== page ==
IDEAS home Printed from
   My bibliography  Save this paper

An Exploratory Look into Labour Market Regulation


  • Anton Roskam

    () (Institute of Development and Labour Law,University of Cape Town)


This paper welcomes the fact that the discussion about the labour market and small business has broadened in scope. It considers some of the suggestions made by Cheadle (2006) in his recent concept paper. These include dismissals, unfair labour practices, appointments and promotions and collective bargaining. It also suggests that other changes to our labour laws are necessary, including the need for a doctrine of equal pay for equivalent work, the regulation of labour broker arrangements and other atypical employees, and the manner in which terms and conditions of employment can be amended. Besides legislative amendments it argues against the demise of the Labour Court and for greater administrative and judicial efficiency in that court.

Suggested Citation

  • Anton Roskam, 2007. "An Exploratory Look into Labour Market Regulation," Working Papers 07116, University of Cape Town, Development Policy Research Unit.
  • Handle: RePEc:ctw:wpaper:07116

    Download full text from publisher

    File URL:
    File Function: First version, 2007
    Download Restriction: no

    References listed on IDEAS

    1. Kalie Pauw & Lawrence Edwards, 2006. "Evaluating The General Equilibrium Effects Of A Wage Subsidy Scheme For South Africa," South African Journal of Economics, Economic Society of South Africa, vol. 74(3), pages 442-462, September.
    2. Murray Leibbrandt & Haroon Bhorat, 1999. "Modelling Vulnerability and Low Earnings in the South African Labour Market," Working Papers 99032, University of Cape Town, Development Policy Research Unit.
    3. Charlton Koen, 2003. "The Contribution of Technikons to Human Resources Development in South Africa," Working Papers 03080, University of Cape Town, Development Policy Research Unit.
    4. Morné Oosthuizen, 2006. "The Post-Apartheid Labour Market: 1995-2004," Working Papers 06103, University of Cape Town, Development Policy Research Unit.
    5. H. Bhorat & J. Hodge, 1999. "Decomposing Shifts in Labour Demand in South Africa," South African Journal of Economics, Economic Society of South Africa, vol. 67(3), pages 155-168, September.
    6. Rulof Burger & Ingrid Woolard, 2005. "The State of the Labour Market in South Africa after the First Decade of Democracy," SALDRU/CSSR Working Papers 133, Southern Africa Labour and Development Research Unit, University of Cape Town.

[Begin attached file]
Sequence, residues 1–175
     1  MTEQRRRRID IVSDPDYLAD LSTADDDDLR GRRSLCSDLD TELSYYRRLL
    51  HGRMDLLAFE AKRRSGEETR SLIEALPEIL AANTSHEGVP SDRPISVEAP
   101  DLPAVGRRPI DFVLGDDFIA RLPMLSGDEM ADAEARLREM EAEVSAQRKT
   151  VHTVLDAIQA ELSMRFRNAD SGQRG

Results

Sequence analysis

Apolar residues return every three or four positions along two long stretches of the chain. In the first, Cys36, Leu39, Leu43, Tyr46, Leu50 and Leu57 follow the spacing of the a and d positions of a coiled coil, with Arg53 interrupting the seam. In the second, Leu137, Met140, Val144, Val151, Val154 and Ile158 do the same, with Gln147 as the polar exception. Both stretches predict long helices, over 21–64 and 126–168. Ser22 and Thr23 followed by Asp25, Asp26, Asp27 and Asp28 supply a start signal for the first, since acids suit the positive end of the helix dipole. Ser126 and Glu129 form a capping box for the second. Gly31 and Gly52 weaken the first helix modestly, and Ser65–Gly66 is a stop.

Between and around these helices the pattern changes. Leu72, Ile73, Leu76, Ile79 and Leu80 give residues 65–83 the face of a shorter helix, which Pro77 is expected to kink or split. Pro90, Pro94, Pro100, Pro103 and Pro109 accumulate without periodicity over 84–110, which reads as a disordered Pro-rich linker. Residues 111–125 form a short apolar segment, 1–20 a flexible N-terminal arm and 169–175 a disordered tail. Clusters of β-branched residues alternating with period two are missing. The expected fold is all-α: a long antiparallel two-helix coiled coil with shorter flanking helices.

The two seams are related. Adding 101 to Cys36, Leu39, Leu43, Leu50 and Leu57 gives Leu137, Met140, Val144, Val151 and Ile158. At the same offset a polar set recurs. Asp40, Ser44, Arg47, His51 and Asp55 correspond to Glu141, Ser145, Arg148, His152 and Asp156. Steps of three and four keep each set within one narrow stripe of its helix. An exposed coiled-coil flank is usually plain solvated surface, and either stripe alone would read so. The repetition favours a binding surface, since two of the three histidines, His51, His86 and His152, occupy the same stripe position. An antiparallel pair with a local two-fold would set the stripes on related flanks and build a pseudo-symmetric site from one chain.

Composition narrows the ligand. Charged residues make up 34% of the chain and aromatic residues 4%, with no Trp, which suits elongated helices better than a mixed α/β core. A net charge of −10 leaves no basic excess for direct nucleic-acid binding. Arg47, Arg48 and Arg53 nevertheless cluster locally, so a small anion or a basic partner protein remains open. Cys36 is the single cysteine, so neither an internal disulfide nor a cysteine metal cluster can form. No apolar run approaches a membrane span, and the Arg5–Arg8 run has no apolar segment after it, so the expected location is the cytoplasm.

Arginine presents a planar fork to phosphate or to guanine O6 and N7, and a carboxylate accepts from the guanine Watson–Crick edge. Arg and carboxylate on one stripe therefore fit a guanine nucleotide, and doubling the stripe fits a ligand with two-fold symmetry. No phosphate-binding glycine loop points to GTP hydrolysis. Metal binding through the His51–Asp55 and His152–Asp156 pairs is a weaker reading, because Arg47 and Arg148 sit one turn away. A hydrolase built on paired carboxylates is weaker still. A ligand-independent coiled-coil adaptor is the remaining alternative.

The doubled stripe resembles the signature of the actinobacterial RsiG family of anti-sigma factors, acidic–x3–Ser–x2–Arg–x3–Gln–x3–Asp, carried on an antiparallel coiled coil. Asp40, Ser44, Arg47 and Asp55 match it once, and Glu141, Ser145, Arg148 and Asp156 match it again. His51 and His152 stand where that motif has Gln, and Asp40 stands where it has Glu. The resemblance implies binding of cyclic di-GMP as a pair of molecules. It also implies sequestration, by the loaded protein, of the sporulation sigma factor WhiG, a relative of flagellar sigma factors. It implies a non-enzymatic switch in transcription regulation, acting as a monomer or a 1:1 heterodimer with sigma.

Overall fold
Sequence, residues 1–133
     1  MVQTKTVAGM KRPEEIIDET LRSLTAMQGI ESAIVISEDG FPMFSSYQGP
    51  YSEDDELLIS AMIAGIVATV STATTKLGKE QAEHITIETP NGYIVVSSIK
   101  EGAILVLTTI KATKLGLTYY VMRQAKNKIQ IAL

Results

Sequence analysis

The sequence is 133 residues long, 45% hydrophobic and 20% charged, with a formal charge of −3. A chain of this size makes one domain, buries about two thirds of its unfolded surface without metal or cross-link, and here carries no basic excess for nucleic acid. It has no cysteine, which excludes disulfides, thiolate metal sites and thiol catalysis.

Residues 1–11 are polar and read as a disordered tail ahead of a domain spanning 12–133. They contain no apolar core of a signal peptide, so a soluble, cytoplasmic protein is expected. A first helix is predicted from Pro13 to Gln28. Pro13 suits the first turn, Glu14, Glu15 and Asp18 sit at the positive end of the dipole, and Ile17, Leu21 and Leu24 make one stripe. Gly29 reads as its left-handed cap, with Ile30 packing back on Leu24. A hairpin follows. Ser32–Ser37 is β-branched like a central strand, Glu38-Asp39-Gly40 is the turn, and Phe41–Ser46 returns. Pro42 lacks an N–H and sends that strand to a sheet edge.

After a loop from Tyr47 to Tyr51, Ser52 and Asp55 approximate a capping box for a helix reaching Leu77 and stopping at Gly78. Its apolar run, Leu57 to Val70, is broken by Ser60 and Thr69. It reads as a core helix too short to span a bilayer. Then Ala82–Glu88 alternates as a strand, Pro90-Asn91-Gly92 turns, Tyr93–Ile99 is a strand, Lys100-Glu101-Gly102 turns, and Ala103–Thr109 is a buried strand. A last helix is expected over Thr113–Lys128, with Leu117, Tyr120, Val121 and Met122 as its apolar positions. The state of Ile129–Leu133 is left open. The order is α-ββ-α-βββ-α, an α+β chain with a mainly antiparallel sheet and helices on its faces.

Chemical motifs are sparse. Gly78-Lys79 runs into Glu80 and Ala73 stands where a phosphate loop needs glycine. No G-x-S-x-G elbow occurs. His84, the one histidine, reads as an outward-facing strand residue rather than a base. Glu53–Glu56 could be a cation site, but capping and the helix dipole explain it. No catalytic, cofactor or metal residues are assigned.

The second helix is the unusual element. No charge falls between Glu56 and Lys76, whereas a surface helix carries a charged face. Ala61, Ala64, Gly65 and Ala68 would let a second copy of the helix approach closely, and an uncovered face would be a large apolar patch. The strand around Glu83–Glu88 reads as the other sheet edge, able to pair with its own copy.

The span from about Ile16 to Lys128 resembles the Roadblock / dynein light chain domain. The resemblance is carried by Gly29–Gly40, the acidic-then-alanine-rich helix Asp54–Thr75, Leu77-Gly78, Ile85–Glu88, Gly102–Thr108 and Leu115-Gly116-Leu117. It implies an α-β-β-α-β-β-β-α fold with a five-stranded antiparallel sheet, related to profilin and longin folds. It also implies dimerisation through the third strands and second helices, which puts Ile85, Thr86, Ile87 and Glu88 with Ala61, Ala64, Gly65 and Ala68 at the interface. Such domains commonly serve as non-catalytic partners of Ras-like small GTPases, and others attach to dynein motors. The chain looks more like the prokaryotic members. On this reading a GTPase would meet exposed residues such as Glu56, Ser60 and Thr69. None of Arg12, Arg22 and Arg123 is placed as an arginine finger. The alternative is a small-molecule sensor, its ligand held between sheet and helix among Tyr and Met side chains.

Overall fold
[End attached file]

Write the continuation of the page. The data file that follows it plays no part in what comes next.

Full references (including those not matched with items on IDEAS)

    More about this item


    South Africa: labour market; small business; dismissals; unfair labour practice;

    JEL classification:

    • A1 - General Economics and Teaching - - General Economics


    Access and download statistics


    All material on this site has been provided by the respective publishers and authors. You can help correct errors and omissions. When requesting a correction, please mention this item's handle: RePEc:ctw:wpaper:07116. See general information about how to correct material in RePEc.

    For technical questions regarding this item, or to correct its authors, title, abstract, bibliographic or download information, contact: (Waseema Petersen). General contact details of provider: .

    If you have authored this item and are not yet registered with RePEc, we encourage you to do it here. This allows to link your profile to this item. It also allows you to accept potential citations to this item that we are uncertain about.

    We have no references for this item. You can help adding them by using this form .

    If you know of missing items citing this one, you can help us creating those links by adding the relevant references in the same way as above, for each refering item. If you are a registered author of this item, you may also want to check the "citations" tab in your RePEc Author Service profile, as there may be some citations waiting for confirmation.

    Please note that corrections may take a couple of weeks to filter through the various RePEc services.

    IDEAS is a RePEc service hosted by the Research Division of the Federal Reserve Bank of St. Louis . RePEc uses bibliographic data supplied by the respective publishers.